Environmental photography dramatically exposes environmental issues as nothing else. Today’s blog post is all about environmental and social photography, showcasing some of the most ambitious projects featured worldwide. If you’re an amateur or professional photographer, get inspired by these seven photographers who are changing the world with their breathtaking photos. Perhaps you can make a difference, too. Here’s a look:
Sian Ka’an abounds with fauna and flora as it’s home to the second largest coastal barrier reef in the world. Unfortunately, this paradise has become a depository for the world’s trash, which is carried by currents from several parts of the world. That’s absolutely dreadful, isn’t it? As you can see, even land that has not been developed can’t avoid the huge impact of our culture. With this campaign, the photographer tried to raise awareness to try and make us change our behavior now. This clever photo in particular by Duran shows how trash has taken over our once-beautiful sites. It is an inspiration to anyone with an interest in environmental conservation.
Gary Braasch visited a weaving community in the Andes right above the Urubamba River close to Cusco 13,000 feet up in the mountains. The village of Accha Alta has gone back to the very traditional patterns and dyes used in the past when weaving the finest wool of Peru, despite more modern options being available in the cities, thanks to the vision and intervention of the local artisans, who wish to preserve their culture. Their area is threatened ‘though, Peruvians living there are seeing less snow and other climate changes due to a melting glacier in the Andes, their wool confections and leaving means are aso under threat. The photographer wishes to bring attention to the environmental impact climate change already has on real communities.
3. Steve Morgan – United Kingdom
This Gemasolar thermosolar power plant in Fuentes de Andalucía, Seville, Spain, features state-of-the-art technology to create electricity.A circular solar field which features 2,650 heliostat mirrors throughout 185 hectares converges energy from the sun towards the central receiving tower, where the highly intense heat created is accumulated by using a cutting-edge storage technology. The heat which is gathered by the salts, able to reach temperatures over 5,000C, produces steam and generates electricity. The surplus heat which is collected is kept in the molten-salt tank, enabling Gemasolar to generate power 24/7 for many months each year. Solar efficiency ensures the production of electricity for 6,500 hours per year. This useful plant, beautifully photographed by Steve Morgan, provides power to about 25,000 homes, reducing carbon dioxide emissions by over 30,000 tonnes a year, proving that green is possible.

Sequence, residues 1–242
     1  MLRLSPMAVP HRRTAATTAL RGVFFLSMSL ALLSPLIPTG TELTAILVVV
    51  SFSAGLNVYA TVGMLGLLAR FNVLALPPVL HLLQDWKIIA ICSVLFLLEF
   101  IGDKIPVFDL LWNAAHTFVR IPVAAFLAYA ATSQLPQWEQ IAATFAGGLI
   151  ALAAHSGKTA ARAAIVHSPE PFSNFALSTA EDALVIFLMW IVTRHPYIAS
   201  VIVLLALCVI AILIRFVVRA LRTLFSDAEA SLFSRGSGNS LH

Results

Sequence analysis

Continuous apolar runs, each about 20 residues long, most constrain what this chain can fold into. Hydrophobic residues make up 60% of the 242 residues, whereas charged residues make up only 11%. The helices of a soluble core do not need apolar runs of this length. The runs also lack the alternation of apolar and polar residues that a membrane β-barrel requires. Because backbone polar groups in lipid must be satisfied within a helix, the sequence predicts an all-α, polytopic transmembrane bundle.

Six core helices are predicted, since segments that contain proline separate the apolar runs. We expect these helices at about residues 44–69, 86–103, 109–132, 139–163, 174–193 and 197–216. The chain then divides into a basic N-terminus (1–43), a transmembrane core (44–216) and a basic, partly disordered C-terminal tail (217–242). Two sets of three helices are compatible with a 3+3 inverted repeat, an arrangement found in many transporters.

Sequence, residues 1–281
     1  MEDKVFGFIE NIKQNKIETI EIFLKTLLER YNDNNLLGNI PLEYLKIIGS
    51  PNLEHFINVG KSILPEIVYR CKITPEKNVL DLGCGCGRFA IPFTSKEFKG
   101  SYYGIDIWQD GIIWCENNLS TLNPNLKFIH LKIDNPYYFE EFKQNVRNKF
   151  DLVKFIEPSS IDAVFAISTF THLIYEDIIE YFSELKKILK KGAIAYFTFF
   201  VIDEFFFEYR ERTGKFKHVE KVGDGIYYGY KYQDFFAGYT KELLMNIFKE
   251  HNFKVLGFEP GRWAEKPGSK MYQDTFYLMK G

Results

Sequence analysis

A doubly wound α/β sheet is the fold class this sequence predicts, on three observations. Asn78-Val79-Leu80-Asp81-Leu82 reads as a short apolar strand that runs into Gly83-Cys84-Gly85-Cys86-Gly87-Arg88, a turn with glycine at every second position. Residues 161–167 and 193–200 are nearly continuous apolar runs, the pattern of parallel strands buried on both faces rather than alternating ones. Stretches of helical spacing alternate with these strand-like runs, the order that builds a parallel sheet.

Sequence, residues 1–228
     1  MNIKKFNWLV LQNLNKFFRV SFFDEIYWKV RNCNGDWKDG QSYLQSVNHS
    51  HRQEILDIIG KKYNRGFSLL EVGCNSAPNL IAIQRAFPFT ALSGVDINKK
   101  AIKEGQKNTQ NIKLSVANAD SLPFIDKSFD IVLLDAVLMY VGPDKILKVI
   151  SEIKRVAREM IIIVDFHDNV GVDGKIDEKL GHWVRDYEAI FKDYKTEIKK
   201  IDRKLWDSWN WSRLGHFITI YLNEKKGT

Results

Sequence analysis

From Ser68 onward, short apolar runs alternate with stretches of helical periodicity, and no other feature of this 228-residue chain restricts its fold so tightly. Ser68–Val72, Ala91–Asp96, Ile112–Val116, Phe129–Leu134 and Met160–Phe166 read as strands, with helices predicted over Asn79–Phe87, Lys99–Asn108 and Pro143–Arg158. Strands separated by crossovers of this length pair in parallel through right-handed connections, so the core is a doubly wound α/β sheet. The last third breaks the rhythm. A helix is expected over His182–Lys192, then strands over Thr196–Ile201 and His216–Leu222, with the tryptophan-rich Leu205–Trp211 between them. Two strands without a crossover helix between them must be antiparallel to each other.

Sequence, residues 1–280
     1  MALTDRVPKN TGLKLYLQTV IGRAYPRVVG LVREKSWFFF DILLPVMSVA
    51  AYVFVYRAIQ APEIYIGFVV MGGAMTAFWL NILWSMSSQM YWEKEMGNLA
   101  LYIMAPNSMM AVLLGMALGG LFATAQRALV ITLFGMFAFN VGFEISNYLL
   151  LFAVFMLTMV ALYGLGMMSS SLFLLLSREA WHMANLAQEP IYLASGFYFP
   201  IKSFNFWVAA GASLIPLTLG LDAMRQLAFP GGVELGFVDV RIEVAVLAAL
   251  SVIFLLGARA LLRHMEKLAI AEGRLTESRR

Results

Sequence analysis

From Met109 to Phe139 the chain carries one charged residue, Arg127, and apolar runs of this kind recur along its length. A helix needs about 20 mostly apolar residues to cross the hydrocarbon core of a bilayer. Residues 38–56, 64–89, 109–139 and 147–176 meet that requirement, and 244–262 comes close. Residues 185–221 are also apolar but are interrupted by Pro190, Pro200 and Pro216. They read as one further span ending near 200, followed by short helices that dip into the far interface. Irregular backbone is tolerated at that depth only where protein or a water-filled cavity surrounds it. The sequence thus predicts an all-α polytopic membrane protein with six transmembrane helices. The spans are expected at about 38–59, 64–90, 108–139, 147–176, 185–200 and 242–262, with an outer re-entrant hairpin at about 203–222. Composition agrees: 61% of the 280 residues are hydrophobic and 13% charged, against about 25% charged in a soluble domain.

4. Francesca Moore – United Kingdom
Many years ago, gas was leaked, exposing half a million people to toxic substances and chemicals at a pesticide plant in Bhopal, Madhya Pradesh, India.A government affidavit announced that this leak which took place in 1984 caused 558,125 horrible injuries, including over 8,000 deaths, 38,478 temporary injuries as well as 3,900 permanently disabling injuries. With this outstanding project, Francesca Moore wanted to portray the people who have been affected by this terrible disaster in one way or another. From left to right, the people who are photographed are Rafiq Uddin with his spouse Saiva Bi and their daughter Saiba Jhan. You can also see their sons Rehan Uddin, Avhan Uddin and Faizan Uddin sitting on the floor. 5. Prasanta Biswas - India Facing regular shortages of water day in and day out, the people who live in in Sundarban, West Bengal, India, truly moved the photographer, Prasanta Biswas. Since the climate has changed day by day, there have been radical physical effects on the tropical climate such as floods, droughts, cyclones, increased salinity, increased temperature as well as increased precipitation. Sadly, this is what Sundarban residents have to cope with on a daily basis. We can do something about it and Prasanta wants to remind us why we should with these powerful images.
Matilda Temperley was also moved by the residents’ homes who were flooded on the Somerset Levels at Burrowbridge. Unfortunately, when the neighboring River Parrett burst its banks, numerous homeowners in the rural areas of Muchelney, Thorney and Burrowbridge in Somerset were devastated with up to four feet of water in January 2014.
This project is called Camp of Shame.Antonio Busiello explained that he had been taking photographs of the waste crisis in Campania, south of Italy for a year or so. Sadly, these people are living in an area known as Aria vasta Giuliana, a highly polluted piece of land between two confiscated and toxic dumps. An ex-Mafia leader, Carmine Schiavone, declared that this area is completely filled with industrial and toxic waste. According to his declaration, this area is one of the most polluted places in the western world nowadays. We found the images striking and haunting and makes us rethink about that old “reduce, reuse, recycle”. Which of these environmental campaigns is your favorite? Which project did you find the least moving and inspirational? Why is that so? Please feel free to kindly leave a comment below.